The internet totally redefined the ways in which we see and use urban space. The distinction between private and public has become as challenging offline as it is online, and there are more and more networked devices and sensors embedded throughout physical spaces, either through GPS or location tracking technologies. Not to mention Facebook and Twitter and Instagram, where we share a lot of place-specific information that is usually private.
One clear way I notice this impacting city design recently is how some real estate developers, such as Meraas in Dubai, have been designing an “Instagrammable city.” The colors and signs we used to see in tourist attractions slowly became visible now in everyday streets and districts that are designed for social media photography as much as they are designed for the residents. Putting up a hashtag as a sculpture in a public space or organizing colorful street art are all part of this phenomenon. Anywhere that is designed more for photography than for the user’s experience is, to me, a branding strategy that makes public space less public.
So recently, urban design has been dictated more by branding purposes than for living. However, doesn’t doing this improve the perception visitors and residents have of that city, and therefore improve the experience? Living in Dubai, for example, with all its “Instagrammable” and easily-identifiable locations, feels like a higher-quality lifestyle than living in a city that isn’t featured as frequently in social media feeds?
Actually, the branding perception and the experience are not the same at all. What matters to me, as an urban designer, is the real, honest image of the city from the resident’s perspective in their day-to-day lives, and not the image in social media. If both images are aligned and similar then that’s great, but a lot of the time they are not. So, for example, does a resident have to experience a 30 minute traffic jam in order to go to a street that is just 1 KM away that looks nice and pedestrian on Instagram? If that’s the case, then we have a problem. Otherwise I don’t mind that neighbourhoods and districts are being branded on social media, if that image is accurate and is experienced in the same way by its residents.
I also think that a higher-quality lifestyle in the urban sense is a lifestyle that is smooth, comfortable, easy to get to places, brings joy and serendipity, is healthy and allows for social interactions as well as contact with nature. The fact that it is identifiable on social media might make it more glamorous, but glamour does not make it a better place.
We frequently see residential neighborhoods segregated by race and income, with gated compounds for high-income families that are in clear contrast with block buildings for low-income residents. This is true for locals as well. What impact does residential segregation have on cohesion, and how could we plan for more inclusion overall?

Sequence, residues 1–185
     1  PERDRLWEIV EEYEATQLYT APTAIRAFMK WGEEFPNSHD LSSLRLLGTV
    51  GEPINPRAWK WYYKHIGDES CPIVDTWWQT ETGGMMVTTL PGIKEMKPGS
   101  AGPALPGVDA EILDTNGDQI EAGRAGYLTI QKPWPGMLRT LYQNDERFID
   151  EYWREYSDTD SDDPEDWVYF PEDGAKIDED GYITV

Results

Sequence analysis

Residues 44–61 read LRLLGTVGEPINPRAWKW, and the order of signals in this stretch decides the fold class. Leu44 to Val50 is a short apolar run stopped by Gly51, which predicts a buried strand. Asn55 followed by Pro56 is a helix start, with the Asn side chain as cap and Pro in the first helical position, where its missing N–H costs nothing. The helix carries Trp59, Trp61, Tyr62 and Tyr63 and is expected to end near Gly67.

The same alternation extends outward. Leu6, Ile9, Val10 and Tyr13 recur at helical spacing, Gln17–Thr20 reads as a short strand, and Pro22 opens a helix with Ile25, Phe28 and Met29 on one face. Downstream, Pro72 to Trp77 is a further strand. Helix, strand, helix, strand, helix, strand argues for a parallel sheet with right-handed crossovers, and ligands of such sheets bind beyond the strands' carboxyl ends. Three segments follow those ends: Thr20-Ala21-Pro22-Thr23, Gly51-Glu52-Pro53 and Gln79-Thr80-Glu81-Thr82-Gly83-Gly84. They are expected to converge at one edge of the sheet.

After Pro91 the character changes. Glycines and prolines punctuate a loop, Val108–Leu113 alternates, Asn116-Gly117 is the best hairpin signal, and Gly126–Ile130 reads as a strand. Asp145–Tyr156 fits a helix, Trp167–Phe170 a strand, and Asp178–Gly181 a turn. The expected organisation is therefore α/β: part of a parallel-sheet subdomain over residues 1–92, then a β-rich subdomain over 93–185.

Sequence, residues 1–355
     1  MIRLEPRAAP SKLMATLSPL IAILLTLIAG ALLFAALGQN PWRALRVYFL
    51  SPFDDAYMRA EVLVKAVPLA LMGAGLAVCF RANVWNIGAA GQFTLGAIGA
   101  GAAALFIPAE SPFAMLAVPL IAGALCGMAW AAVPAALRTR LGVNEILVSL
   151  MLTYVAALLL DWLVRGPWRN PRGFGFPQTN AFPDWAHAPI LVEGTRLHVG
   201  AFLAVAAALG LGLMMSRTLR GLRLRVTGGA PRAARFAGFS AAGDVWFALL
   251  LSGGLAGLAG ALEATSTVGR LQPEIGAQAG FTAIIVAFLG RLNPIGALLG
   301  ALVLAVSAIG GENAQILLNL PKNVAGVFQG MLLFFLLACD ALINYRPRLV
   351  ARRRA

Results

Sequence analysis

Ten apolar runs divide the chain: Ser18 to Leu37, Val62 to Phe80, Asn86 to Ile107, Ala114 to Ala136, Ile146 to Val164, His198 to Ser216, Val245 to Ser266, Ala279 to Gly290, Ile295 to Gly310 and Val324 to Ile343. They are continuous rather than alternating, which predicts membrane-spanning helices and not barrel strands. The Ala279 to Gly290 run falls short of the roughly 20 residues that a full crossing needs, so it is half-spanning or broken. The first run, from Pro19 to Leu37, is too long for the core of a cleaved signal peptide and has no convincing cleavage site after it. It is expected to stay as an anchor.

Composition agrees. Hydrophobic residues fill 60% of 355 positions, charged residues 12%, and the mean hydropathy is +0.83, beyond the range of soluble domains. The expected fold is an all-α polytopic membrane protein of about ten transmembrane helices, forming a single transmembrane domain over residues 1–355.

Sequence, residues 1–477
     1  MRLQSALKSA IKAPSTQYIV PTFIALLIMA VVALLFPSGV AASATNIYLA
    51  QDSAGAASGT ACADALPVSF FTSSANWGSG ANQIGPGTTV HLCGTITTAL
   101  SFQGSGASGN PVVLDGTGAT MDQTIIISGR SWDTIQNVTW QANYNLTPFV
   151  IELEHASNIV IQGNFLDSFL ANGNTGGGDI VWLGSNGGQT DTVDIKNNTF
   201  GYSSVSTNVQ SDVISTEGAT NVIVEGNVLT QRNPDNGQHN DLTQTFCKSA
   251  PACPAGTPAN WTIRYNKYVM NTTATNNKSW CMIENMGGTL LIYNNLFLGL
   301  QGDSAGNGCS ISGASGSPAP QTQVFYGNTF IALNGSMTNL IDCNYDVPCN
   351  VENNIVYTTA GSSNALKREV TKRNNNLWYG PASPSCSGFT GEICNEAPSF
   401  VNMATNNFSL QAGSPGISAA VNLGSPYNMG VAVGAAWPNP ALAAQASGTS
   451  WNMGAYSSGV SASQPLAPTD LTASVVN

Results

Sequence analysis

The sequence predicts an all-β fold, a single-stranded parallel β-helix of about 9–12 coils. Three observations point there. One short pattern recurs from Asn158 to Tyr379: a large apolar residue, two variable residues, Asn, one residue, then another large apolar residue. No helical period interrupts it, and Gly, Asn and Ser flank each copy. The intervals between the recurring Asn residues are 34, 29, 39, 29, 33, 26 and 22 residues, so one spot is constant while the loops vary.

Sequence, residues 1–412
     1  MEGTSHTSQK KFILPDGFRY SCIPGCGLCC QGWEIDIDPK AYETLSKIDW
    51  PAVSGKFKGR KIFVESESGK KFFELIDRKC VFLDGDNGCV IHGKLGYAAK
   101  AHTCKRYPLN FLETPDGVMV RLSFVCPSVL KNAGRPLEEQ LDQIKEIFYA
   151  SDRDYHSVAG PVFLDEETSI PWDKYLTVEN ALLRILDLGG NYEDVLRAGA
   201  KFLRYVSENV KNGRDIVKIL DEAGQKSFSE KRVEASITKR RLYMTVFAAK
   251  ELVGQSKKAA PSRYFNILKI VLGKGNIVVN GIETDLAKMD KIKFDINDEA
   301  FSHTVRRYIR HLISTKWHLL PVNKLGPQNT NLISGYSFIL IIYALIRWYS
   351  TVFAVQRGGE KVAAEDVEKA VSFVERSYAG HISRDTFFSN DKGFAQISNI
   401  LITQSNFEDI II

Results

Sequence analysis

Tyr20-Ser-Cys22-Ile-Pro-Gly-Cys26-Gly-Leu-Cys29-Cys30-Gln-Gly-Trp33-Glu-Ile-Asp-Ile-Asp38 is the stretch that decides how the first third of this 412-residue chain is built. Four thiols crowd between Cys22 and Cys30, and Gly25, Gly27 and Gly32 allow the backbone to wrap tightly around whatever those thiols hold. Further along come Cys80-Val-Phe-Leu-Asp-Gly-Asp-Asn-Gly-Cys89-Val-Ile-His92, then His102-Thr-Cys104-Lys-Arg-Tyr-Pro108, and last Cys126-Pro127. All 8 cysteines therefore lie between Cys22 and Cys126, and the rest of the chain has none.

Segregation divides the city and doesn’t allow cohesion, and makes each side more extreme. So, if we start with a neighborhood designated for low-income families (based on the availability of low-income housing), the provision of infrastructure and community facilities in that neighborhood, such as schools, will also be low-income and most probably low-quality. In the long-term, this exacerbates the situation of these low-income families, instead of making it easier for them to get out of the cycle of poverty and income inequality.
I’m a big believer in mixed neighborhoods in cities, especially when it comes to race and socioeconomic status. Not only does diversity make neighborhoods more efficient and more equal to other neighborhoods, but it also makes neighbourhoods more attractive for public and private investment, such as public transportation lines or public parks. A wider variety of users attracts these investments. Mixed neighborhoods are also more beneficial and efficient for their users. For example, when a low-income bread baker lives and works alongside a high-income family, both are likely to benefit from this proximity, rather than need to commute to each other.
You’ve also spoken about how public spaces in the GCC are not designed to be inclusive of women because they are “not safe” and “not comfortable for women to walk alone in.” Is this a departure from the past? And what can be done to make our city spaces more “women-friendly”?
I think it varies in each city and in each culture, but in the Arabian Gulf cities I think women have different patterns of movement than men. Their daily schedules might not be divided into two or three clear main blocks of time: “work / family” like men, but rather into many smaller time blocks of: “work / family / work / extended family / shops / family” that are crisscrossed in the span of one typical day. Many of these trips might be in the company of their children or elderly parents as well. So smooth mobility and efficiency in movement is really important for women. The more mixed-use neighborhoods we have — where work, primary school, supermarket and home are all accessible within walking distance or through seamless public transport — then the more comfortable and easy the day-to-day experience would be for women.